Thank you for being part of our forums, it takes a lot of courage and strength to reach out for support and we are so glad that you have done so. The community will be here to listen and chat with you.

    In the event that you are feeling like hurting yourself, it is important that you take immediate steps to keep yourself safe. You can do this by:

    • Speaking to your doctor or psychologist (if you have one) if he or she is available right now

    • If, however, you feel unable to keep yourself safe this is an emergency and you need to call 000 (triple zero).
     
    1 person found this helpful
  9. batticus
    batticus avatar
    64 posts
    29 November 2021 in reply to PsychedelicFur

    Hi PF

    So sorry to hear the effect the relationship had on you. I can understand what you are going through. It sounds like your experience and mine have a lot of eery similarities. Pretty much every facet of my life was lived on her terms. Like you have described, intimacy had no connection at all. In my case my ex had almost zero interest in intimacy (sexual or otherwise) but was used to great effect as a tool of manipulation. Like you, I'm scared of intimacy now. It's just not a place I want to go any more. I hope with time and if I right the meet person that might change.

    1 person found this helpful
  10. PsychedelicFur
    PsychedelicFur avatar
    337 posts
    29 November 2021 in reply to batticus

    Sending positive and loving vibes to you.

    Unhealed people have to hurt others.
    They always need and want us to feel inferior to them.
    Obviously they have extremely low self esteem...

    It still hurts though. I loved him. He tried to dim my light. So disheartening.
    He was so cruel, thoughtless, malignant and extremely manipulative. Such an insecure and emotionally unavailable human being.

    PF.

    1 person found this helpful
  11. Juliet_84
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    6 December 2021 in reply to PsychedelicFur

    Hi psychedelic fur,

    You ask how does one heal from all the traumatic memories..I think it takes time, they will eventually fade into the middle distance and their power will weaken. It is also a choice, you need to decide at some point that the words of a small minded insecure man are just that. As someone who has suffered domestic violence at the hand of a partner for over a decade, I don’t particularly agree with the concept that it changes your brain, because I don’t want to hand over that much power to my abuser, it may take me awhile to recover from their treatment of me but I will recover and there won’t be a trace left of them. People can recover from incredible trauma and go on to lead happy and fulfilling lives, please don’t give this man more power over your life than he deserves. I think the important thing is to work on how you feel about you, do things that are good for your soul. If you like vintage clothes, go op shopping and get yourself some new outfits that celebrate you, I always love a different haircut to reinvigorate me. Self-care helped me immensely when overcoming my abuse. You may also see a psychologist specializing in trauma if you feel that you need it?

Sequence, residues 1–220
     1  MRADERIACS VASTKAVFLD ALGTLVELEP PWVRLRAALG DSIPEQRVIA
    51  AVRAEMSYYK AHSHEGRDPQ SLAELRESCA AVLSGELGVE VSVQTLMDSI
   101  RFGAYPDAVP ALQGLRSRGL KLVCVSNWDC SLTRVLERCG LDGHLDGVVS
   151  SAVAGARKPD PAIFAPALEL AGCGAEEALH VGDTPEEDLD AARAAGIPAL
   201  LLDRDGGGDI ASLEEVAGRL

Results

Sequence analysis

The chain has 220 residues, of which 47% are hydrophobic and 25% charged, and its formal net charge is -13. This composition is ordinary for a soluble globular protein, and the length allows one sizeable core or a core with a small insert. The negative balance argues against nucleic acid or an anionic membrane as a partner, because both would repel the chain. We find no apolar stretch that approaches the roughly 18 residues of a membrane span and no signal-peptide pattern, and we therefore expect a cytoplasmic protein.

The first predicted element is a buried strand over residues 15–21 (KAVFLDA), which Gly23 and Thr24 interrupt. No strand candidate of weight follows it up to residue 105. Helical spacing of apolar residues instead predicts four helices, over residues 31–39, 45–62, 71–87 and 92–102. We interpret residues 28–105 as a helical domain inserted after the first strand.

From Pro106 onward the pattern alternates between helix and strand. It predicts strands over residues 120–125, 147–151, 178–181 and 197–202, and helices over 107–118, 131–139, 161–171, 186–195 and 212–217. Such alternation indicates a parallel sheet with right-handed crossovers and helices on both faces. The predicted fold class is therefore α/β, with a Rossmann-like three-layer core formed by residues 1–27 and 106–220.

1 person found this helpful
  12. PsychedelicFur
    PsychedelicFur avatar
    337 posts
    9 December 2021

    I am now understanding the concept of projection. Hurt people actually hurt people.
    My narcissistic ex boyfriend was a deeply insecure human being. And he was deeply insecure about his weight, looks, abilities/capabilities etc. So that is why he would casually throw such horrible insults at me quite frequently : “GROW UP! I don’t want to father you. You are pathetic and immature.” And “You are so embarrassing looking.” And so on...
    When he was insecure about something he had to project his issues onto me.
    I’m understanding this.
    I have been doing more research. And as of lately, I have been coming to a rather big realisation. Projection is most certainly a common thing.

    You know, there are days where I feel like I am healing. I feel like I am ‘whole’ once again. And then there are days where I ruminate and sit with my thoughts. And I could cry.

    I am overcoming so much trauma in my recent years. My mother was psychologically abusive towards me. Most of my ex boyfriends were rather sadistic and liked to see me upset or feeling inferior.

    I’m just trying to cope with everything at the moment. It’s extremely difficult.

    PF.

    1 person found this helpful
  13. mmMekitty
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    1714 posts
    9 December 2021 in reply to PsychedelicFur

    Hi PsychedelicFur,

    You do seem to have a good grasp of 'Projection'. I imagine you will be spotting this pattern of behaviour in other people, too. It is indeed common to many people, to a greater or lesser degree.

    You this certainly is a time when you are coping with a lot of emotion & deep thinking, so, it is very important to be sure to take breaks, & not to allow this to be what you do every waking minute of any day. That takes some effort on your part, as well, planning to have these breaks, just as you have to be prepared to eat, sleep & for personal care, & things like getting outside, talking to people, all these things too are still part of your life, which you might have to keep an eye on. Then you'll have more of those days when you feel lighter, freer, like you said, 'healing' & 'whole'.

    It's really good to hear the positive tone in your post. 😺

    mmMekitty

    PS, you like to play any musical instrument?

    1 person found this helpful
  14. Juliet_84
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    10 December 2021 in reply to PsychedelicFur